Republicans, Democrats Discuss Medicare Prescription Drug Discount Card Program as Enrollment Begins
Republican and Democratic lawmakers on Monday met with constituents nationwide to discuss the new Medicare prescription drug discount card program, which began to enroll beneficiaries on Monday, the Chicago Tribune reports (Meyer, Chicago Tribune, 5/4). The program, established as part of the new Medicare law, makes discounts cards available to beneficiaries who do not have prescription drug coverage through Medicaid. Companies that offer the discount cards can charge an annual enrollment fee of as much as $30 and likely will offer savings on at least one medication in each of 209 classes of treatments commonly used by Medicare beneficiaries. HHS has approved a number of private companies to offer different discount cards to Medicare beneficiaries. Medicare beneficiaries with annual incomes of less than $12,569 for individuals or $16,862 for couples will qualify for a $600 annual subsidy for their prescription drug costs and will not have to pay enrollment fees. Medicare beneficiaries can use the Medicare Web site or call 1-800-MEDICARE to make card-to-card comparisons of prescription drug discounts. According to HHS Secretary Tommy Thompson, the discount cards included to date on the Web site offer average savings of about 17% for brand-name medications drugs and 30% for generic treatments. Discounts will become available in June (California Healthline, 5/3).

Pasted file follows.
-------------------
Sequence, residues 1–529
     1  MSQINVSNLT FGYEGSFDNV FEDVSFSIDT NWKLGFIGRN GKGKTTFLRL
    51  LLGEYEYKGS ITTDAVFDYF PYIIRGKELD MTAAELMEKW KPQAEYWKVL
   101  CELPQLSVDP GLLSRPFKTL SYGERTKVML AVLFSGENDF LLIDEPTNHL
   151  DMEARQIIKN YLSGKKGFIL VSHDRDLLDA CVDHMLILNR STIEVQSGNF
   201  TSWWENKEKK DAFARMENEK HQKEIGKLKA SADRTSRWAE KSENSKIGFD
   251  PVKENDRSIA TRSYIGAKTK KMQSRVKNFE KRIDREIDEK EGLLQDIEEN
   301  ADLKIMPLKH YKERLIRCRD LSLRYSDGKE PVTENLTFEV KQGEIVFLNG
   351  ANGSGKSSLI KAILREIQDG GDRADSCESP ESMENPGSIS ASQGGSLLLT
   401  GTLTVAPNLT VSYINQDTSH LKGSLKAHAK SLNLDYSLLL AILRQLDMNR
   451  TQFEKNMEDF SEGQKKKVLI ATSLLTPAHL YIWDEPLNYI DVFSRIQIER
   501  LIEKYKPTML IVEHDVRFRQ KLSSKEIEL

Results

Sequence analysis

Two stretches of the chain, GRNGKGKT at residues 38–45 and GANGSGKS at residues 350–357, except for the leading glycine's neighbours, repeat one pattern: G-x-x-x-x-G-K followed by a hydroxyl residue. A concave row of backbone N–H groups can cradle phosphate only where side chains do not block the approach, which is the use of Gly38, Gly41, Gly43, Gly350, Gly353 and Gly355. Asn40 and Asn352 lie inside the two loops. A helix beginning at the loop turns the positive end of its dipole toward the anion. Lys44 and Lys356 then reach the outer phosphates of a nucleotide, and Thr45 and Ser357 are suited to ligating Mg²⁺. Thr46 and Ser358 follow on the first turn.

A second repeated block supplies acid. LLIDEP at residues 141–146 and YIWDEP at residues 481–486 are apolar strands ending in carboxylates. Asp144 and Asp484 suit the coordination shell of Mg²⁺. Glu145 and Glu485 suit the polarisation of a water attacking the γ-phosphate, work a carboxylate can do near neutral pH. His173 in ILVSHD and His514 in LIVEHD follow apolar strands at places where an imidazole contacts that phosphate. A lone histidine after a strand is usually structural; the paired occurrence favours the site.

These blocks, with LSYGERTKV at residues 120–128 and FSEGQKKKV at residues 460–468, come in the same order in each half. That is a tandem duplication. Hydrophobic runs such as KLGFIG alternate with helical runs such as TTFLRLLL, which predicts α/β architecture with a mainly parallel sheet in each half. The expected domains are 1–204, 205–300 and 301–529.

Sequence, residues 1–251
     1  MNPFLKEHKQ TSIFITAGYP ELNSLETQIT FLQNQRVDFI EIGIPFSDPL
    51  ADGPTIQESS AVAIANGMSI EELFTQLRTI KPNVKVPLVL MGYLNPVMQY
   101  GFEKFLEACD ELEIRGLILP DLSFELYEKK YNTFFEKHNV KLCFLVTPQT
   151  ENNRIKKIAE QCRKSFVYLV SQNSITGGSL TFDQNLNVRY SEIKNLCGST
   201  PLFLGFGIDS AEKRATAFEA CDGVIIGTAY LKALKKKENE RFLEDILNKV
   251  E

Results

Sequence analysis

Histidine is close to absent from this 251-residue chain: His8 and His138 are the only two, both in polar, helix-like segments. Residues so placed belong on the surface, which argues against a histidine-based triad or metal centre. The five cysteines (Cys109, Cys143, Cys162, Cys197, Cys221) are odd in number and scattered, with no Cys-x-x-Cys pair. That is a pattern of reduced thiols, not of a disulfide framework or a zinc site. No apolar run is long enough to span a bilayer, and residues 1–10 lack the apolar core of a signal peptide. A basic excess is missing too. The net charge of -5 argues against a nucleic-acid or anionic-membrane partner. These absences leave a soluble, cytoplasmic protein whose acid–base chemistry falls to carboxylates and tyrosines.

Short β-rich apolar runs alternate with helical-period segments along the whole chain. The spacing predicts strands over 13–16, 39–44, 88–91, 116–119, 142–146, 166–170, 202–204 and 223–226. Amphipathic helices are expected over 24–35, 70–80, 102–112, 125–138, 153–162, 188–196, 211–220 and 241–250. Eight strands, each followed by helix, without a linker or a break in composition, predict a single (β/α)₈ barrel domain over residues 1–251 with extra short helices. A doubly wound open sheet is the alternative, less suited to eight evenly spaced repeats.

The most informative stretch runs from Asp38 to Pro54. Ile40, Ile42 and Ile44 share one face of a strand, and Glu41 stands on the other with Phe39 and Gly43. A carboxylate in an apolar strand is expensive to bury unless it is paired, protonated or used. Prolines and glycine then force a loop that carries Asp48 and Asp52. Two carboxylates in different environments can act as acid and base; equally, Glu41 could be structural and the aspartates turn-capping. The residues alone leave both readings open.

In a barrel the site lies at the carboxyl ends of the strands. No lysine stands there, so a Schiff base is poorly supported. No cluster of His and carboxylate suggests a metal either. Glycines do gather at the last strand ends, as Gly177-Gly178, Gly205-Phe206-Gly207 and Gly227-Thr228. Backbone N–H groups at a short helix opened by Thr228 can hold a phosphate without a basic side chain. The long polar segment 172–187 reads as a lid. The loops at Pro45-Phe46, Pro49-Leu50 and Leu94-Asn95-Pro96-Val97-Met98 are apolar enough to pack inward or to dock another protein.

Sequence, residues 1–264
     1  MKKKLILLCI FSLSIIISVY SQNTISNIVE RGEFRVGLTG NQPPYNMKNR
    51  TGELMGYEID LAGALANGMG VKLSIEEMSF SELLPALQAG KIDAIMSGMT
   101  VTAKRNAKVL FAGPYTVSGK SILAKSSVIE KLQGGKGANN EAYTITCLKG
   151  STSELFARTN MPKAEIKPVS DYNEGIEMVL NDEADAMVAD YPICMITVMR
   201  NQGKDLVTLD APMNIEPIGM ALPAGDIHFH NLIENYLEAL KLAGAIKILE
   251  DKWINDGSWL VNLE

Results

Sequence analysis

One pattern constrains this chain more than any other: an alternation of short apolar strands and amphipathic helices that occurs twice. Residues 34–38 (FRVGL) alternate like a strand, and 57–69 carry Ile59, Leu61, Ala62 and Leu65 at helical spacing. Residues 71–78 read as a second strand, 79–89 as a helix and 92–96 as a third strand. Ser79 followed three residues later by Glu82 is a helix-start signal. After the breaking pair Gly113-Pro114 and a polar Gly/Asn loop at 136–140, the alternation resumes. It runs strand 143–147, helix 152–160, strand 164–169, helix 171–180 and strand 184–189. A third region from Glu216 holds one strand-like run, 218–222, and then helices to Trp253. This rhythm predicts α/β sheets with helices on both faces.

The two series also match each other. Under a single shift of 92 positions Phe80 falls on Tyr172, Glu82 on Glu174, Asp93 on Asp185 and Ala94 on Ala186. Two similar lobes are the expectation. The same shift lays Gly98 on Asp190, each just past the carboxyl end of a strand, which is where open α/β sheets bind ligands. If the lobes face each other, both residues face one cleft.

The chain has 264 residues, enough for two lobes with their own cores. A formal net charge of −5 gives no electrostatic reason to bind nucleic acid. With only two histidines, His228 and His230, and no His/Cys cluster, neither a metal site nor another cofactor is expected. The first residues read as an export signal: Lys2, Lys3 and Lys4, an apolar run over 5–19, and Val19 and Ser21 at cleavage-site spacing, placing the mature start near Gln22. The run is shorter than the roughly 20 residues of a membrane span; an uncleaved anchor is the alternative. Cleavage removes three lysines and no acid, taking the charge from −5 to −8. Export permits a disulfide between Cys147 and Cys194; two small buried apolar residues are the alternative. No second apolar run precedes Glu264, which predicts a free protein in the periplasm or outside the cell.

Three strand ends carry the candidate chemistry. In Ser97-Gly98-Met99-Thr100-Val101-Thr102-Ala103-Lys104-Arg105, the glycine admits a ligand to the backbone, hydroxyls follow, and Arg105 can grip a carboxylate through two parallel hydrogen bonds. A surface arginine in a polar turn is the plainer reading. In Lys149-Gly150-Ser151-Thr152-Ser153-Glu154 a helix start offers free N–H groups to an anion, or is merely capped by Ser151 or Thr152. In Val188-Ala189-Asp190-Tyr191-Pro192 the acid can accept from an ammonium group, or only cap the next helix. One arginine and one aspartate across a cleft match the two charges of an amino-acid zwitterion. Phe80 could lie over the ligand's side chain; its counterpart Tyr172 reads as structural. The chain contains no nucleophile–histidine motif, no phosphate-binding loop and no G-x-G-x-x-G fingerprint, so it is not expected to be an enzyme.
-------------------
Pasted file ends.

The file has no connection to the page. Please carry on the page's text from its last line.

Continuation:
In Yorkville, Ill., House Speaker Dennis Hastert (R-Ill.) and CMS Administrator Mark McClellan hosted a forum to encourage Medicare beneficiaries to enroll in the discount card program and to explain the benefits. "On June 1, seniors will begin to see real savings," Hastert said (Chicago Tribune, 5/4). McClellan called the program "an important first step toward the more comprehensive prescription drug benefit," which begins in 2006 (CongressDaily, 5/3). He added, "This is a historic day in Medicare because for the first time ever, we've got a program set up for seniors who don't have drug benefits" (Welch, USA Today, 5/4). At an event in Washington, D.C., Thompson said, "The power to save on prescription drugs is now in the hands of seniors and people with disabilities. Seniors should compare prices and choose the card that's best for them" (Connolly, Washington Post, 5/4). Thompson said that he expected "a few bumps in the road" in the launch of the program, and he encouraged Medicare beneficiaries to wait a few weeks and compare the different discount cards before they select one (Colliver, San Francisco Chronicle, 5/4). Thompson predicted that the savings offered by the discount cards would increase as competition for Medicare beneficiaries increases, adding that card sponsors "are going to be very, very cognizant of what other people are charging." He also "dismissed a call from Democrats for a 30-day grace period in which card holders could change their minds" about which discount cards they should select, the AP/Las Vegas Sun reports (Burghart, AP/Las Vegas Sun, 5/3). On Friday, Senate Minority Leader Tom Daschle (D-S.D.) and 11 other Senate Democrats sent a letter to Thompson to request the grace period because of the "confusing process" for enrollment in the discount card program. Under current program rules, beneficiaries can switch discount cards only one time each year (California Healthline, 5/3). In Nashville, Senate Majority Leader Bill Frist (R-Tenn.) met with beneficiaries and demonstrated how the calculator on the Medicare Web site can help them find the discount cards that offer the most savings for their medications (Washington Post, 5/4). In Connecticut, Reps. Christopher Hays (R-Conn.) and Nancy Johnson (R-Conn.) also held events to promote the discount cards (MacDonald, Hartford Courant, 5/4).